InterOil’s founder Phil Mulacek is critical of corporate governance at the company.
Phil Mulacek, the larger-than-life founder and ex-CEO of InterOil, has sought to reassert his influence on the aspiring Papua New Guinea LNG player by requesting shareholders vote on proposals to reduce the board and give shareholders the potential to veto deals.
Mr Mulacek, who exited as chief executive in late 2013, and Singapore-based Gerard Jacquin, representing about 7.5 per cent of InterOil stock, have put forward several measures they say would improve corporate governance at the US-listed company and would also give shareholders the power to veto corporate deals.
InterOil, a $US1.5 billion explorer headed by former Woodside Petroleum senior executive Mike Hession, is often cited as a potential target for Woodside or other cashed-up petroleum players looking to get a foothold in gas-rich PNG. Its Elk and Antelope gas fields are thought to be the largest gas discoveries in Asia for 20 years or more and are set to under pin the Papua LNG project involving French major Total and ASX-listed Oil Search.
InterOil sold a 40 per cent stake in Elk-Antelope to Total, while Oil Search also entered the venture by buying out minority interests. Total is still liable for further payments for its stake, depending on the size of gas reserves in the fields. Independent certification of the resource is under way.
But in a filing lodged early Wednesday Australian time, Mr Mulacek and Mr Jacquin point to “recent material transactions” they say “have been non-accretive for shareholder value” at InterOil.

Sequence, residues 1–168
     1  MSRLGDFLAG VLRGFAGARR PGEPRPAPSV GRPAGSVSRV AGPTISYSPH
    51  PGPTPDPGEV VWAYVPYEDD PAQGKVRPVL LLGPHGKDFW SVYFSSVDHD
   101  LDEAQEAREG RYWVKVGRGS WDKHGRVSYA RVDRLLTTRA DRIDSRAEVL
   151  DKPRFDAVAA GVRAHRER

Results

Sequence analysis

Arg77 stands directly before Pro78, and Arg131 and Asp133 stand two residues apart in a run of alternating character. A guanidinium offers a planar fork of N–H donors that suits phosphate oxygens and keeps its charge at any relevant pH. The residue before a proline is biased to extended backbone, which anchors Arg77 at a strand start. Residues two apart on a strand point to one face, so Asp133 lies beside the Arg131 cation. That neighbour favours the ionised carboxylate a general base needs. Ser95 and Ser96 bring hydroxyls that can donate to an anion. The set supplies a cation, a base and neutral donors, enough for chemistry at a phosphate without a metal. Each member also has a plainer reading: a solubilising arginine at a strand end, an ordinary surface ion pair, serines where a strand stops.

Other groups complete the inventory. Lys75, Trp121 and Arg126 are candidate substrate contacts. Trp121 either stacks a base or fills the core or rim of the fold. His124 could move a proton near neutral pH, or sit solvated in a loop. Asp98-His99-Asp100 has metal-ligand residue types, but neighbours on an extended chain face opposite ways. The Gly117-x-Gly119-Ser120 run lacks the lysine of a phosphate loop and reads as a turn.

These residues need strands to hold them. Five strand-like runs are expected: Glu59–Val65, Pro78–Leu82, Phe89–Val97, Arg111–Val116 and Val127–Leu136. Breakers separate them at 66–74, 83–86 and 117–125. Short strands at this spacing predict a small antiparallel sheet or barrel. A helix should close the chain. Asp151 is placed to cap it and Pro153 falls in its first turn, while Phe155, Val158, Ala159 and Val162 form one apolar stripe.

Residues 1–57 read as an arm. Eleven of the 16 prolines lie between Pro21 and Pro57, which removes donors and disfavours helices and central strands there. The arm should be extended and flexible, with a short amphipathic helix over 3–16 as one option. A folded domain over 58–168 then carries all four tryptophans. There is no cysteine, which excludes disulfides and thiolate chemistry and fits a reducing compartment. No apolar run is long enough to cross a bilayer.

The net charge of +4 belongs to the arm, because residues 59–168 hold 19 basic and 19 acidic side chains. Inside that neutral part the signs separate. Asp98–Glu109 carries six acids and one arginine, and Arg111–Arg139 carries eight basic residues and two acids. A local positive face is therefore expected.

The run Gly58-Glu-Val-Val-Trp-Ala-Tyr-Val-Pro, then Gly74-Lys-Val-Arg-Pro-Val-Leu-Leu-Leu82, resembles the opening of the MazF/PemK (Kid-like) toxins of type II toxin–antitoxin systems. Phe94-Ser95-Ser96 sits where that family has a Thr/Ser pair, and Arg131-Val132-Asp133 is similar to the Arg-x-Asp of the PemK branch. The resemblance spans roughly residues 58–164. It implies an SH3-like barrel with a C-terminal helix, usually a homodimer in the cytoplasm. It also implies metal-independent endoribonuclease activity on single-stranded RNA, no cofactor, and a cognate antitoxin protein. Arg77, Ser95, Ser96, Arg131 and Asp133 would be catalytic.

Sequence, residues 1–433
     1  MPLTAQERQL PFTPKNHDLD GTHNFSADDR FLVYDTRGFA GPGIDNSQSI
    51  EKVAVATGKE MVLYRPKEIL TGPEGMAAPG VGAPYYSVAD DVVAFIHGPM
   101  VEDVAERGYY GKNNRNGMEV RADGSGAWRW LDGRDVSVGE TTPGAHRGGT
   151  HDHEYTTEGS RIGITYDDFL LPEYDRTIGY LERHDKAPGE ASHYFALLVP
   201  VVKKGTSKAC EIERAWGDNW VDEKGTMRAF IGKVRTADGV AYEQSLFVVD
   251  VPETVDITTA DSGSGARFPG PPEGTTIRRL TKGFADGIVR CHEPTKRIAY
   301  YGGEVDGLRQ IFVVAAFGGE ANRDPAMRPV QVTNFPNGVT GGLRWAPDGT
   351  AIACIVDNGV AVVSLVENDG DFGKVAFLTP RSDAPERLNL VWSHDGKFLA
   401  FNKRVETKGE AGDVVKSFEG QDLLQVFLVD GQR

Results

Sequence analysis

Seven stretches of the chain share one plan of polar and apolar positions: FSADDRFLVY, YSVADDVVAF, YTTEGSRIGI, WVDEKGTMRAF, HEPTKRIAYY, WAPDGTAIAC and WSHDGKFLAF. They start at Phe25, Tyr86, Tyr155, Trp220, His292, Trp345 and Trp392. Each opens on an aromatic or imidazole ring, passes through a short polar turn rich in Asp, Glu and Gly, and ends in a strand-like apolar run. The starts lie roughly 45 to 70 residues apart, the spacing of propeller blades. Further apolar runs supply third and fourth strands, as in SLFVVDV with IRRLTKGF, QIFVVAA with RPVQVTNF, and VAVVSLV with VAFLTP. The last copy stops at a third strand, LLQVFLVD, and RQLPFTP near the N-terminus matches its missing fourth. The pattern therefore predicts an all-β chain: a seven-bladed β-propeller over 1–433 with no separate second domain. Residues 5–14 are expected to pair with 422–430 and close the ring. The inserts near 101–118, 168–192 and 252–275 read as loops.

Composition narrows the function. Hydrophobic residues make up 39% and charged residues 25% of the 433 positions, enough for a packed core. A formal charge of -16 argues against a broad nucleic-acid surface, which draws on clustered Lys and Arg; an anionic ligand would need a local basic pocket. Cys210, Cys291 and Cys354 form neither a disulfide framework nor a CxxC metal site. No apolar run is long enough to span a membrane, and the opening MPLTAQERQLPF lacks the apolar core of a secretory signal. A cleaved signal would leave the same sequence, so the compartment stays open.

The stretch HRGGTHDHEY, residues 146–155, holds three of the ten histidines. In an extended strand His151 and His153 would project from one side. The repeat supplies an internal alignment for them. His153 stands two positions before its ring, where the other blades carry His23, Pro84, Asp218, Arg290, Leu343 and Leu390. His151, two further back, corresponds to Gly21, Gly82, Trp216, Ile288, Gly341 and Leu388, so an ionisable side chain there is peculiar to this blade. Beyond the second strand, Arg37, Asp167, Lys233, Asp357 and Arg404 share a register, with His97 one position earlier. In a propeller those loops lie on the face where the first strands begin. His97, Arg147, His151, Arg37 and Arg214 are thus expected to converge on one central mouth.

They say the ten-strong board is “too large and expensive” for a company with no operations and that reducing it would make better use of resources. They also wants at least half of directors’ total compensation to be in the form of equity, and want restrictions around share sales by directors. Total cash compensation for directors should be limited to $US600,000 a year.
Over the past two years, InterOil’s board and senior management has been overhauled, with former BG Group chief executive Chris Finlayson appointed as chairman in August 2014. A number of other directors and senior managers have also been named in what Mr Hession portrayed as a needed revamp in line with a move from an explorer to a producer.
But InterOil’s LNG project has been slowed by the weak market and slow progress in proving up reserves, while the share price has fallen by two-thirds since late 2013. The company has also passed the role of operator of Elk-Antelope to Total, leading to job losses last year, while the board remained unchanged.
Bernstein Research said last November that InterOil needed “to focus on costs…which are coming in above our estimates”.
The proposals put forward by Mr Mulacek and Mr Jacquin would also see restrictions around payment for executives at InterOil in a transaction that resulted in a change of control.
The intention is “to ensure that board and senior executive compensation incentivizes the Board and management to seek transactions that are accretive for shareholder value,” according to the filing.
Other proposals would seek to ensure that at least a third of directors have “direct skills, competency and experience” that is relevant to the exploration and development of InterOil’s oil and gas resources in PNG, and to improve disclosure and verification of announcements on reserves and discoveries.
The pair want any transaction or asset sale valued at more than 10 per cent of the company’s total asset value to require shareholder approval.
InterOil has advised of an annual shareholder meeting on June 14, but Mr Mulacek and Mr Jacquin said in the filing they had not received any response to their requisition, made on March 21.
InterOil said the board is reviewing the proposals.